Hey there, time traveller!
This article was published 10/12/2012 (1656 days ago), so information in it may no longer be current.
Before any smart alecks pose the question: Yes, Dave Bonk and Mark Derlago do know we have hockey here, too.
That hasn’t stopped them from circling the globe to compete head-to-head on the ice. The Brandon buddies are two of the top scorers this season in Asia League Ice Hockey — Derlago with South Korea’s Anyang Halla, and Bonk with Japan’s Nikko Icebucks.
It might seem odd that two players from the Wheat City would find their way to one of the farthest-flung of professional hockey leagues, but less so when you realize that Bonk played a role in bringing Derlago, who played in Germany last season, to the Far East.
"I’d actually talked to him about trying to get him to our team a little bit earlier and he was still, I think, kind of leaning towards going back to Europe," said Bonk, a 30-year-old second-year member of the Icebucks who played with Derlago in 2008-09 for the ECHL’s Bakersfield Condors. "But he had lots of questions. I just kind of told him about the league and then he ended up going to Korea.
"I think it’s kind of like a hidden gem. … Guys don’t want to come over here maybe, but once they do they realize that actually they pay really well and they treat you really well and the hockey actually’s pretty good."
Although the style of play is different from what they’re used to, both players are impressed by the calibre and are handling themselves very well on the ice. Derlago is currently third in the league in scoring with 39 points (15 goals, 24 assists) in 24 games, while Bonk is sixth, with 37 points (15 goals, 22 assists) in 23 contests.
Derlago, a 26-year-old former Brandon Wheat Kings captain, said the biggest adjustments have come off the ice.
"It was definitely a culture shock getting over here," he said of his arrival in Anyang, which is a Seoul suburb. "There were a lot of big changes, but at the same time, it’s a big city with a lot of North American food chains and the building we live in is very nice and hockey is still hockey."
To be sure, the players have their share of not-in-Brandon-anymore moments. For Derlago those include watching teammates wolf down squid and octopus for their pre-game meals.
Bonk, meanwhile, has gotten used to Japan’s frequent earthquakes, although he admitted that a magnitude 7.3 tremor that shook the Icebucks’ dressing room during their pre-game meeting on Friday was a little unnerving.
Even the atmosphere at games takes a little getting used to.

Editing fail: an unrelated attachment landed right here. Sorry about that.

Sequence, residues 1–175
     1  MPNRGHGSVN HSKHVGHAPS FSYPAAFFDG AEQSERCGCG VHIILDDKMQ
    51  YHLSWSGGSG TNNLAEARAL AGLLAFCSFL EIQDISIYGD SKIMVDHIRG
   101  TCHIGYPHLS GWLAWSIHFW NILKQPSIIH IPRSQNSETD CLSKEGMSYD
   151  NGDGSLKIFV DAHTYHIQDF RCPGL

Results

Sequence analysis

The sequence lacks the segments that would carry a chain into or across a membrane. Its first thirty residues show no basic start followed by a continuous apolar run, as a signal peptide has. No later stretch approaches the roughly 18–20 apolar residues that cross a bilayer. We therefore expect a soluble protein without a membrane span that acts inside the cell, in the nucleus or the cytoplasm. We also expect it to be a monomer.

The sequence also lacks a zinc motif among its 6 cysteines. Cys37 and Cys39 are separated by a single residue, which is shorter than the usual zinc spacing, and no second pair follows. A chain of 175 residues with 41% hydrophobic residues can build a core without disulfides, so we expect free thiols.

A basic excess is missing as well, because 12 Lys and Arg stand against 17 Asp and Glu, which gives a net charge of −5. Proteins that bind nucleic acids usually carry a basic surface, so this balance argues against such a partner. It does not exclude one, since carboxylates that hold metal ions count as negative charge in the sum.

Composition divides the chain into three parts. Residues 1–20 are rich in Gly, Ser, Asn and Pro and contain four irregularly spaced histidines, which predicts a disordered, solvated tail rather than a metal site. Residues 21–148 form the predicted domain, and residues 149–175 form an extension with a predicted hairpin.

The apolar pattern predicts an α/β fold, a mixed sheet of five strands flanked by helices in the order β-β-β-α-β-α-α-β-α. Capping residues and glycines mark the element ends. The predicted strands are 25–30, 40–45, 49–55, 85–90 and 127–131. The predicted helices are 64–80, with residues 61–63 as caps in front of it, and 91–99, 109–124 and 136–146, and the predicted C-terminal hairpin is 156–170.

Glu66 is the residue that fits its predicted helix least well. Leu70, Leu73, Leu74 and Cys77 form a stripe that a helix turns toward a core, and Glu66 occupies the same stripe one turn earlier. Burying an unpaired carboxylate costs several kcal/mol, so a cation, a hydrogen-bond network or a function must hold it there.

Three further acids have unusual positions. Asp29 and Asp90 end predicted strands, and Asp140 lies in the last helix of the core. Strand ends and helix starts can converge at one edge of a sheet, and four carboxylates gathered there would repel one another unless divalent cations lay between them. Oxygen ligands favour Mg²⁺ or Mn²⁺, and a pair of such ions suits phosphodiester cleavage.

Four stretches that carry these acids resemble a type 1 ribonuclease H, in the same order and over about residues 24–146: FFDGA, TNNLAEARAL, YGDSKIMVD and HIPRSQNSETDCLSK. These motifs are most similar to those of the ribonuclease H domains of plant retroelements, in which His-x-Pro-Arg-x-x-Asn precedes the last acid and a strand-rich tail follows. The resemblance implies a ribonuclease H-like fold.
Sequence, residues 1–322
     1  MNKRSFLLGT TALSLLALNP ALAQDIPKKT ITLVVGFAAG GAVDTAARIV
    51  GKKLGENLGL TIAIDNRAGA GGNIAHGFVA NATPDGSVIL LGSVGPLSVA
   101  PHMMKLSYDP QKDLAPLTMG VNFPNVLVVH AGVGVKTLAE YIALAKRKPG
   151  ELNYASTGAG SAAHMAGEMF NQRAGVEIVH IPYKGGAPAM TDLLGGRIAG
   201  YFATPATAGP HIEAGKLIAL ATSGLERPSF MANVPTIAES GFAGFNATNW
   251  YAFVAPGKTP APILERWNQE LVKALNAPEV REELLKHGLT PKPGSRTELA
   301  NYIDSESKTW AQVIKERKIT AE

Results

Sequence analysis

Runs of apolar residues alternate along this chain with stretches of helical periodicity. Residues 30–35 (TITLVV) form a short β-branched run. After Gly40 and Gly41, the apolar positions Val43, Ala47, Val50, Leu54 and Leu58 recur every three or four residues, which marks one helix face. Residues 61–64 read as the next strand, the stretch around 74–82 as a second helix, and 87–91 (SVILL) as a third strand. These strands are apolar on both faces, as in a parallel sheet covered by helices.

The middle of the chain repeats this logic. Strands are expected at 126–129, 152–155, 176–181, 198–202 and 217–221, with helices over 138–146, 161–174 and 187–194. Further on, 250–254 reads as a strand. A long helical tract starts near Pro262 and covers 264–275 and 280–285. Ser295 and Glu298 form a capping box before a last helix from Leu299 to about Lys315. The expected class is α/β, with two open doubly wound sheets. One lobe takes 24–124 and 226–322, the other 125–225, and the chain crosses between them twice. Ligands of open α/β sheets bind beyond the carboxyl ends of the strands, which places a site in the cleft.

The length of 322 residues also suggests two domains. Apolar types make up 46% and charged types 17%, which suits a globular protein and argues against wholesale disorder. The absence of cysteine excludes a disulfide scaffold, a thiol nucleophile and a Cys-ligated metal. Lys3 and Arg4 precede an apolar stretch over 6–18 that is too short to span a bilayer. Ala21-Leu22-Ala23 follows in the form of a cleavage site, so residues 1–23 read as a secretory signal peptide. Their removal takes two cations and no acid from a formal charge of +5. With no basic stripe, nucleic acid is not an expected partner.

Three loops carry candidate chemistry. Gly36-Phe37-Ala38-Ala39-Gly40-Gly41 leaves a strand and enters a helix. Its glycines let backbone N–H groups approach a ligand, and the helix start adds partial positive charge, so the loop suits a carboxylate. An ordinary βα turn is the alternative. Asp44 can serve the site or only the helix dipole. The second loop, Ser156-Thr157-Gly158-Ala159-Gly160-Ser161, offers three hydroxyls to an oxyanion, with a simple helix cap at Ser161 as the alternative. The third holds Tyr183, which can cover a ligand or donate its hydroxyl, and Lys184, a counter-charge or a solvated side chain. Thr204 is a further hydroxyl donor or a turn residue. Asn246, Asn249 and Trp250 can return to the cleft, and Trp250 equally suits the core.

"We get a decent crowd because there is an (American) army base nearby, so there are actually a lot of North American fans that come in and watch the games, so it’s pretty good," said Derlago, who is on a one-year contract, while Bonk signed a two-year extension with the Icebucks prior to the season. "All the guys come with their hockey jerseys on and they’re cheering and yelling."
"There’s no concessions at the game, so it’s bring your own food, bring your own beer, so it gets pretty wild in there," he added. "People just bring stuff in backpacks, bring whatever they want."
The biggest challenge the players face on a day-to-day basis, however, is definitely the language barrier, with teams allowed as few as two imports (it varies from club to club).
"It’s tough to hold a conversation with people here," Derlago said. "They can say ‘yes’ and ‘no’ but there is a lot of nodding and smiling.
"There are probably three or four guys only on the team that you can carry a conversation with. So in the dressing room and in team meetings, you kind of have to look to them. We have a translator who helps us out a bit, but he doesn’t get involved as much as you’d like."
Because of that, the imports tend to stick together in the Asia League — one of Anyang’s imports is former NHLer Ric Jackman — and it’s one more reason why Bonk and Derlago appreciate the chance to cross paths. Bonk has his wife Lane and daughter Vesper in Nikko, which is about 150 kilometres north of Tokyo, while Derlago’s wife Jenna is in Anyang and all of them appreciate seeing a familiar face in a sea of strangers.
"Both times we go (to South Korea) it’s kind of an extended road trip because there’s two teams there," said Bonk, who played hockey at Northern Michigan University before setting out on a professional career that has taken him across the United States as well as to the Netherlands, Germany and Norway. "… We were pretty close to his house and went out for dinner a couple nights, went over to (Derlago’s) apartment, saw his wife and stuff. That’s one of the really nice parts. …
"Here it’s a really small (import) community, so usually you kind of befriend the guys on the other team. You play hard against them, but if you have a day off you might go out for dinner and have a few beers or something and just relax. It’s kind of a tighter community than in other places I’ve played."
With files from James Shewaga